Fourthly and finally, DRIP contains a sunset clause. The legislation will be repealed on December 31, 2016 (section 8). This is a perplexingly long sunset and one which is difficult to reconcile with the haste with which the legislation was passed – if it was truly emergency stop-gap legislation then one would expect it to perform a stop-gap function and for there to be proper Parliamentary scrutiny and debate for any longer-term laws. In the House of Lords an amendment was proposed to shorten this period but it was withdrawn in the face of the explanation:
“While we have no option but to act swiftly now, festina lente is a sensible approach to finding the new solution for the future. The technological changes we are facing…and the balance between security and liberty, should be looked at with a view to the longer term. We will set up, as I have said, in the Bill, a review of the investigatory powers and their regulation to be headed up by the current independent reviewer of terrorism legislation, David Anderson QC. He will report by 1 May 2015, just before the general election. I believe we should be discussing this sort of issue at that time. We need to be realistic. None of us knows who will form the Government after the election. We all have our own views; we sit on opposite sides of the House. However, decisions need be made in the light of information that should be available to Parliament as a whole. It is not reasonable to expect an incoming Government, of any persuasion, to take a decision immediately on assuming office. That is what in effect would have to happen given the legislative timetable, and it would be without due consideration of David Anderson’s report or any other work that is going on in this area… Even if the Bill were to be introduced in the first month of the Government’s new term, the timetable would be extremely tight. I think that all noble Lords with experience of legislation—which probably includes everybody in this House—would know that. Rather, it would be better if the new Government were allowed to develop their own policies, taking advice as appropriate, and enact legislation within their first 18 months. If noble Lords think about it, they will recognise that that is as pretty tight timetable. The new Government would also have the benefit of the Joint Committee of Parliament that all parties have agreed should be established after the election.” (Lord Taylor of Holbeach, House of Lords, July 17, Cols. 734-735)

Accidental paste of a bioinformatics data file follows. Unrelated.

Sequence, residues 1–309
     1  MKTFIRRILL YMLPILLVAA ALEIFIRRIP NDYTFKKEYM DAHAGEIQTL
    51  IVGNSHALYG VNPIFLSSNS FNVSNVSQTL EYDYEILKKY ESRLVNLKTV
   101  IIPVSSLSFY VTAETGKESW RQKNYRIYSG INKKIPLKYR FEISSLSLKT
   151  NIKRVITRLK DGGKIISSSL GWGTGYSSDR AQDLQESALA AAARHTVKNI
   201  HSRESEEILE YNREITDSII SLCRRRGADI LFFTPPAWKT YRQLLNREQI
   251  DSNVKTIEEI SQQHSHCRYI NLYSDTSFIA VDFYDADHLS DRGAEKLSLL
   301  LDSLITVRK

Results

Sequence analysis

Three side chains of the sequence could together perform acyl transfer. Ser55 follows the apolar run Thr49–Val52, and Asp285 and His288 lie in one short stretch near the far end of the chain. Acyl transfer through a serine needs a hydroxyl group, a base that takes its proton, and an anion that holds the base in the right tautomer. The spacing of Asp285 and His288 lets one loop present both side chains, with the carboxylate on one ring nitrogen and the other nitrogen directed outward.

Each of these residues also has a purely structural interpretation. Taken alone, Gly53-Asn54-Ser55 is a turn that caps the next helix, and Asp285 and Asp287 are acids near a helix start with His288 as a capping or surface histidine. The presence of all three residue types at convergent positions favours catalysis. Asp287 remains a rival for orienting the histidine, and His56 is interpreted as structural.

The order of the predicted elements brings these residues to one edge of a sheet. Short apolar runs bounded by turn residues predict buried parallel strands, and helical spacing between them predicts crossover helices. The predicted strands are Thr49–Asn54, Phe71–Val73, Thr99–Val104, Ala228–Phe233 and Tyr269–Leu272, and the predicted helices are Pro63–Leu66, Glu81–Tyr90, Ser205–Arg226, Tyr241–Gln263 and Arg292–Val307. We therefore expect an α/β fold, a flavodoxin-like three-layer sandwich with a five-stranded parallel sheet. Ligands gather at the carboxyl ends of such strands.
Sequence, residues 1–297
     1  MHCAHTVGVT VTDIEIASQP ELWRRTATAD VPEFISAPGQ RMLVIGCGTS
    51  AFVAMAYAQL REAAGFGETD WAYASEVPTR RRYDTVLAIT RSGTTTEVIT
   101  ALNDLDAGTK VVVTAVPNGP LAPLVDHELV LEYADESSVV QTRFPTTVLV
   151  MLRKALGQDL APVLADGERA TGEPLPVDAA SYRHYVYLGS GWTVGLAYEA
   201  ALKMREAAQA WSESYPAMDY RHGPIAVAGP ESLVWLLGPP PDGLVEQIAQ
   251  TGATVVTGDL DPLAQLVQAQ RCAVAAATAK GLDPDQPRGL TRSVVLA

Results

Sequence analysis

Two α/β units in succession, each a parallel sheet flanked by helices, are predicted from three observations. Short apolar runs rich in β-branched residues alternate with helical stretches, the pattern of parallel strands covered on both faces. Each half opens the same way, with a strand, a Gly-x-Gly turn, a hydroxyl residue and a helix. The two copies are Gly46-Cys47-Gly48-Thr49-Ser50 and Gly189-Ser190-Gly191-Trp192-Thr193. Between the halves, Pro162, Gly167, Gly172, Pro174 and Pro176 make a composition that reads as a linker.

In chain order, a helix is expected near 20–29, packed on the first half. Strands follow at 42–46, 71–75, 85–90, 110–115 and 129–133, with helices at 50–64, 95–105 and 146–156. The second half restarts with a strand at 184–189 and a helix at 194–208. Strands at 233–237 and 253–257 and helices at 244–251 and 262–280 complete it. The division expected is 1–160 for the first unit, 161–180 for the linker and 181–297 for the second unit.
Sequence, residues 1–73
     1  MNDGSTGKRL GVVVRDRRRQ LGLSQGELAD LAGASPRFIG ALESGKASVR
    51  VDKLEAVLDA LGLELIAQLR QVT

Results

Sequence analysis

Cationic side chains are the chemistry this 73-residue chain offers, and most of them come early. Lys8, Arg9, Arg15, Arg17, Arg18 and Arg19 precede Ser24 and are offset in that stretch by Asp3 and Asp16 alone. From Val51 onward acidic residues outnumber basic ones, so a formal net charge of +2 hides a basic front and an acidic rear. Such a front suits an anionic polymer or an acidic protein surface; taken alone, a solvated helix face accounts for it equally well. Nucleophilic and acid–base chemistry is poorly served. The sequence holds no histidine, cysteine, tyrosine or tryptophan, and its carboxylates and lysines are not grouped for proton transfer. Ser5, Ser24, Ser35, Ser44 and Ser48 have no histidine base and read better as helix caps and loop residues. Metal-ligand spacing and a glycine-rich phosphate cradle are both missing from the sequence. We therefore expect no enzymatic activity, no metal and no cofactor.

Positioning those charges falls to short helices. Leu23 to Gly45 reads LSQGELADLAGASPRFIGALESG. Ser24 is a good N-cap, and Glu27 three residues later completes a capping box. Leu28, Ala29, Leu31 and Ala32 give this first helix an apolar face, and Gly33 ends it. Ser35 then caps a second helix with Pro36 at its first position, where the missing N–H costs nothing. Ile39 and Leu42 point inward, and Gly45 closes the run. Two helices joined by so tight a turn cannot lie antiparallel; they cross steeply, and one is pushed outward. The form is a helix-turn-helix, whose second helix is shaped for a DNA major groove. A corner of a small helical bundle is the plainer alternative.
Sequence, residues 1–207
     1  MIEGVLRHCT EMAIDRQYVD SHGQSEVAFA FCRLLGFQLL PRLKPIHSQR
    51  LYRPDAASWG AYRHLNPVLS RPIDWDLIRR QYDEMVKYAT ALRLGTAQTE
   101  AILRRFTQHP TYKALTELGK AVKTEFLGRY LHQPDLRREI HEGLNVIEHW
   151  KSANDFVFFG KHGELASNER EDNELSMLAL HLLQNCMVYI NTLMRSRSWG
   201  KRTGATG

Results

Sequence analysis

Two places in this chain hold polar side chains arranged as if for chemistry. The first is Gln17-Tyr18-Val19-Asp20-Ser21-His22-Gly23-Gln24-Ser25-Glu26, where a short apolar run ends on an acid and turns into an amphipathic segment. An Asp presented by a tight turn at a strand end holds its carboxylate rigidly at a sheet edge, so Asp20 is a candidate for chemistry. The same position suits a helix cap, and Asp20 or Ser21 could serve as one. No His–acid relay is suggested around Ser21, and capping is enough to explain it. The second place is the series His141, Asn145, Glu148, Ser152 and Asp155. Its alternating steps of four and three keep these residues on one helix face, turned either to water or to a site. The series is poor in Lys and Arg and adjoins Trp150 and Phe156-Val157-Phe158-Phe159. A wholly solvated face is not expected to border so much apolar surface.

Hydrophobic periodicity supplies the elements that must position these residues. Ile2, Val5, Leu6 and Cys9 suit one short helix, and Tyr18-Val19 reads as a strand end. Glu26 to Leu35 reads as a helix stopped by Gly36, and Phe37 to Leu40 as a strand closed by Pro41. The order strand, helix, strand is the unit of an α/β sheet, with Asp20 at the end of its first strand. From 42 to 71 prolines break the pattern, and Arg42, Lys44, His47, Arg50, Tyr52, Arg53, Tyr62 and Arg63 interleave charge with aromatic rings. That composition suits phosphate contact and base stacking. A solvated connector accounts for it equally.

So pragmatism won the day. The question is, as Baroness Kennedy’s intervention highlights (see below): at what cost?